Rules of the Road For South Carolina Drivers

Rules of the Road For South Carolina Drivers

How much do you know about traffic laws in South Carolina? If you’re not familiar with the specific rules of the road and you plan on driving in South Carolina, you’ll want to read these rules and regulations to ensure that you don’t accidentally break the law.

South Carolina’s general safety rules

  • All drivers and passengers over the age of six years must wear seat belts at all times when the vehicle is in operation.

  • Children under the age of six may not sit in the front seat of a passenger vehicle unless the vehicle does not have a backseat. All infants under one year and/or weighing less than 20 pounds must be in a rearward facing child restraint system. Children between one and five and weighing less than 40 pounds should be in a forward facing child restraint or booster seat. Children weighing over 80 pounds are not required to use a booster seat if they can sit with their back resting against the back of the seat and their legs bent over the edge of the seat (without scooting or slouching forward).

  • In South Carolina, you must stop for school buses if you are traveling behind them or approaching them on a two-lane road or highway. On a four-lane road, you must only stop if you are following.

  • Whenever emergency vehicles have their lights and/or sirens on, you must yield to them and allow them to pass. Pull over to allow emergency vehicles to get past you if they are coming from behind, and yield to them in intersections.

  • Upon entering an intersection to make a right or left turn, drivers in South Carolina are required to look out for pedestrians in crosswalks. Pedestrians will always have the right of way after entering a crosswalk.

  • Bicyclists must ride in bicycle lanes where they are provided unless there is an obstruction in the lane. Motorists must not enter, drive, or park in bicycle lanes, but you may cross a bicycle lane (after yielding to any bicyclists in the lane) to make a turn.

  • If you see yellow flashing traffic lights, you should slow down and approach with caution. Make sure the road is clear before continuing. If the flashing light is red, come to a complete stop before continuing when it’s safe.

  • Out of order traffic lights should always be treated as four-way stops.

  • Motorcyclists under 20 years of age must wear a helmet when riding. Riders who are 15 years old and older can get a motorcycle permit after obtaining a South Carolina driver’s license or (in the case of 15 year olds) passing a driver’s education course. After 180 days of riding with the permit, you can take the motorcycle skills test to get a full license.

Important laws for safe driving

  • Passing slower moving vehicles on the left is legal in South Carolina when there is a dashed yellow or white line on the road. If there is a solid line and/or there is a “No Passing” sign, do not pass.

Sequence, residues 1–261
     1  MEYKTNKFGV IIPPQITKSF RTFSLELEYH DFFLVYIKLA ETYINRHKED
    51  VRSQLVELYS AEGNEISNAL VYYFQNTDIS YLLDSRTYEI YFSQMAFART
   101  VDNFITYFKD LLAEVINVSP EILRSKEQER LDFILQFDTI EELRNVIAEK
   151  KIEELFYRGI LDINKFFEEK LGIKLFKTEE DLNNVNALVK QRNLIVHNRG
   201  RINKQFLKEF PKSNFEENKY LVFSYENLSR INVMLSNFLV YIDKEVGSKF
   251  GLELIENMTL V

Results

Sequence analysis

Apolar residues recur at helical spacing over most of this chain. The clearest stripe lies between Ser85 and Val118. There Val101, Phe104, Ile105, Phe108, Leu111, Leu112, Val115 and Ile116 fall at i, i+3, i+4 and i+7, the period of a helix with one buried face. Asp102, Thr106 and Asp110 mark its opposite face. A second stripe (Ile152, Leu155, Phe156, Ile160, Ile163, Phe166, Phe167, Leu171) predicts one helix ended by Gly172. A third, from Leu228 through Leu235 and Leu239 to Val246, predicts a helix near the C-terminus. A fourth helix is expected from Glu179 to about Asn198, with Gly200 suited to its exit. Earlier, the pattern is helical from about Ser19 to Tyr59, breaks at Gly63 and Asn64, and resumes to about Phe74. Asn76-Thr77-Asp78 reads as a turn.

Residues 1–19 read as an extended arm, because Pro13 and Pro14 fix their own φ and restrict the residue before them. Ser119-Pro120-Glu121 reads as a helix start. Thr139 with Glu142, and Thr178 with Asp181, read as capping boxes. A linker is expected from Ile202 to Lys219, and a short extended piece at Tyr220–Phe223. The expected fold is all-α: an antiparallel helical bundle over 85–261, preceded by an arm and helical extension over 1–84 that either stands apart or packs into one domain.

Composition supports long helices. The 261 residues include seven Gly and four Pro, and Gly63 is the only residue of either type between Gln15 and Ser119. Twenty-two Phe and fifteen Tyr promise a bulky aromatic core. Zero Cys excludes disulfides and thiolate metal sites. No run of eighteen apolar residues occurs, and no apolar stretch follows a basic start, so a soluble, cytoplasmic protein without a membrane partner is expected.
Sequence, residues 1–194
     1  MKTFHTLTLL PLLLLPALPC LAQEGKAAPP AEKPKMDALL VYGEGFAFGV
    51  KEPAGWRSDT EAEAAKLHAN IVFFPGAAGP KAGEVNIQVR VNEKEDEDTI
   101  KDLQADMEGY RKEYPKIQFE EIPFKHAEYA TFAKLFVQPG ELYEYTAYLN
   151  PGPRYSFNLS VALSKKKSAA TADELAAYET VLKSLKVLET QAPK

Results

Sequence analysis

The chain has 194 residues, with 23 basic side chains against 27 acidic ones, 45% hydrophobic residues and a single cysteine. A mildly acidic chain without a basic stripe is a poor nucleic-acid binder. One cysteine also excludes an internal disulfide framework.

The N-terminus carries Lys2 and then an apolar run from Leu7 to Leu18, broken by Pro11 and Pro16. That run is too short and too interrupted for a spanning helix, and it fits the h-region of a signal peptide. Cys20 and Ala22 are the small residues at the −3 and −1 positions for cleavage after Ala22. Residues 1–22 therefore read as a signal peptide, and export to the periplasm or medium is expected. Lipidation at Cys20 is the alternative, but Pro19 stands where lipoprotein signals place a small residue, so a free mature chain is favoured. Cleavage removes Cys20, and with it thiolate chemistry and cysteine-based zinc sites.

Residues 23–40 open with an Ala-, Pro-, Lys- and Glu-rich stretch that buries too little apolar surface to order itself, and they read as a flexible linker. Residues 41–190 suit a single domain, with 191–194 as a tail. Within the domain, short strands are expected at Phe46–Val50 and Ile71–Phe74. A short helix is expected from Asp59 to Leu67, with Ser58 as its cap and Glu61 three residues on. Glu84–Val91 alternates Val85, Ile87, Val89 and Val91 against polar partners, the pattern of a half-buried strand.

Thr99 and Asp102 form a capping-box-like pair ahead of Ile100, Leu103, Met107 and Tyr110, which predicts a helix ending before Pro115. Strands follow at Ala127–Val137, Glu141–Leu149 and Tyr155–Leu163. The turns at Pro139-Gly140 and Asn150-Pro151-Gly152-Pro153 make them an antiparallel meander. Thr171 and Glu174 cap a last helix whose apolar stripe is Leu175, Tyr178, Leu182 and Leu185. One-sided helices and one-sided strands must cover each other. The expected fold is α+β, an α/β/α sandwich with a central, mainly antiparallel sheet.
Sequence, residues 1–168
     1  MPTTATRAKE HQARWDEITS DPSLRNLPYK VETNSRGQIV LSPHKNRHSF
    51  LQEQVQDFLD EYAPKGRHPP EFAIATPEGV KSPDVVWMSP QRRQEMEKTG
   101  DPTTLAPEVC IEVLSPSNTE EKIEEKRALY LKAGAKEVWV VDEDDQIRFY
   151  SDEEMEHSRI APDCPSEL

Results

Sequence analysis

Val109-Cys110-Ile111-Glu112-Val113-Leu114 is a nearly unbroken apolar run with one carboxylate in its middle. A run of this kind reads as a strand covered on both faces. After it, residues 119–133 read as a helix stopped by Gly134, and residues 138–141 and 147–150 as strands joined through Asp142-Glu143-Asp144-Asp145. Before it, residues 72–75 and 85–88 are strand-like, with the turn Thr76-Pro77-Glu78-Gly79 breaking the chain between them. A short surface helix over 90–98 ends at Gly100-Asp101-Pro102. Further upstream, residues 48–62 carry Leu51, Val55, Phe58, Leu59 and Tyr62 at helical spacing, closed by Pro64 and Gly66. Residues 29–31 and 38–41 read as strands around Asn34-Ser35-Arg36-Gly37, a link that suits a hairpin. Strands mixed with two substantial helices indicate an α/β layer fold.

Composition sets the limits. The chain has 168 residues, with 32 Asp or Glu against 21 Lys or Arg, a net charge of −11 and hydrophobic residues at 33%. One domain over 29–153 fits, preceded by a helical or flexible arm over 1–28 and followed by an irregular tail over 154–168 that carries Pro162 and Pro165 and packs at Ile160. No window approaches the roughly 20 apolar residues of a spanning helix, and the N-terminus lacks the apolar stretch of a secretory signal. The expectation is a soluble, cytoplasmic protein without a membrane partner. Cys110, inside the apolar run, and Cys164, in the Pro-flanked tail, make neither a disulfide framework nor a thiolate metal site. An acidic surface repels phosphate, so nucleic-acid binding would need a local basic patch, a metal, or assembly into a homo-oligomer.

• After coming to a complete stop at a red light, you may make a right on red from the right lane if there is not a sign prohibiting it.

  • U-turns are legal in South Carolina at intersections where there is not a sign posted prohibiting them.

  • When arriving at a four-way stop, come to a complete stop. Then yield to any vehicles that arrived before you. When arriving at the same time, yield to any vehicles to your right before continuing.

  • Blocking intersections is illegal in any state. If traffic is heavy or something is obstructing the way so that you cannot proceed all the way through the intersection, stop and wait until you can pass.

  • Ramp-metering signals control the flow of traffic from on-ramps onto freeways. A green signal allows a single car to enter the freeway at a time. Two-lane on-ramps may have two signals – one for each lane.

DUIs, accidents, and legal details for South Carolina drivers

  • In South Carolina, penalties for driving under the influence (DUI) are graduated based on how many offenses a driver has. First offense DUIs result in a six-month license suspension, while fourth offenses result in a permanent suspension. Causing an accident and harming another individual will result in a felony DUI with a heavy fine, a three-year license revocation, and jail time.

  • When an accident occurs, drivers should try to remove their vehicles from the roadway, exchange insurance and contact information, and call the police to get a report of the accident.

  • As with most other states, radar detectors are allowed in South Carolina for passenger vehicles, but they are not permitted for commercial vehicles.

  • A valid license plate must be displayed at the rear of all private passenger vehicles and motorcycles in South Carolina.

Following these rules will help you stay safe while driving on South Carolina roads. Refer to the South Carolina Driver’s Manual for more information. If your vehicle needs service, YourMechanic can help you make the appropriate repairs to drive safely on South Carolina roads.

The statements expressed above are only for informational purposes and should be independently verified. Please see our terms of service for more details

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